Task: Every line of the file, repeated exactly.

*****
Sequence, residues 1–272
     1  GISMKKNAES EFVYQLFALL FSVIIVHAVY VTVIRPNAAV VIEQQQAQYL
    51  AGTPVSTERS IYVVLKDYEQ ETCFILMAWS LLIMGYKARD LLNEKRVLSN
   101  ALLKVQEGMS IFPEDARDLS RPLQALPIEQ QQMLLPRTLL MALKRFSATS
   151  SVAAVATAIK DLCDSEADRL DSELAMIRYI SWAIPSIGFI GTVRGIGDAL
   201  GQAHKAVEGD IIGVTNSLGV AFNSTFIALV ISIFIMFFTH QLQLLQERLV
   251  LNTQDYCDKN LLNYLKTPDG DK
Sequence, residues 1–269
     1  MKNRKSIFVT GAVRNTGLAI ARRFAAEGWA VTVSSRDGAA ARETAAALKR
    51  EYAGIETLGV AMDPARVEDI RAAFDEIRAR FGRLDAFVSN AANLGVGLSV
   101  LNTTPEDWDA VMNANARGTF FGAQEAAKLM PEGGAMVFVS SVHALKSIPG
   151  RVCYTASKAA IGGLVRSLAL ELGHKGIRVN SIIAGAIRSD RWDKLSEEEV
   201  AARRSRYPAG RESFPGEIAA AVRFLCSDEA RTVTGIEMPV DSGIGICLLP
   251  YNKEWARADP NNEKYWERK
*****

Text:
Sequence, residues 1–272
     1  GISMKKNAES EFVYQLFALL FSVIIVHAVY VTVIRPNAAV VIEQQQAQYL
    51  AGTPVSTERS IYVVLKDYEQ ETCFILMAWS LLIMGYKARD LLNEKRVLSN
   101  ALLKVQEGMS IFPEDARDLS RPLQALPIEQ QQMLLPRTLL MALKRFSATS
   151  SVAAVATAIK DLCDSEADRL DSELAMIRYI SWAIPSIGFI GTVRGIGDAL
   201  GQAHKAVEGD IIGVTNSLGV AFNSTFIALV ISIFIMFFTH QLQLLQERLV
   251  LNTQDYCDKN LLNYLKTPDG DK
Sequence, residues 1–269
     1  MKNRKSIFVT GAVRNTGLAI ARRFAAEGWA VTVSSRDGAA ARETAAALKR
    51  EYAGIETLGV AMDPARVEDI RAAFDEIRAR FGRLDAFVSN AANLGVGLSV
   101  LNTTPEDWDA VMNANARGTF FGAQEAAKLM PEGGAMVFVS SVHALKSIPG
   151  RVCYTASKAA IGGLVRSLAL ELGHKGIRVN SIIAGAIRSD RWDKLSEEEV
   201  AARRSRYPAG RESFPGEIAA AVRFLCSDEA RTVTGIEMPV DSGIGICLLP
   251  YNKEWARADP NNEKYWERK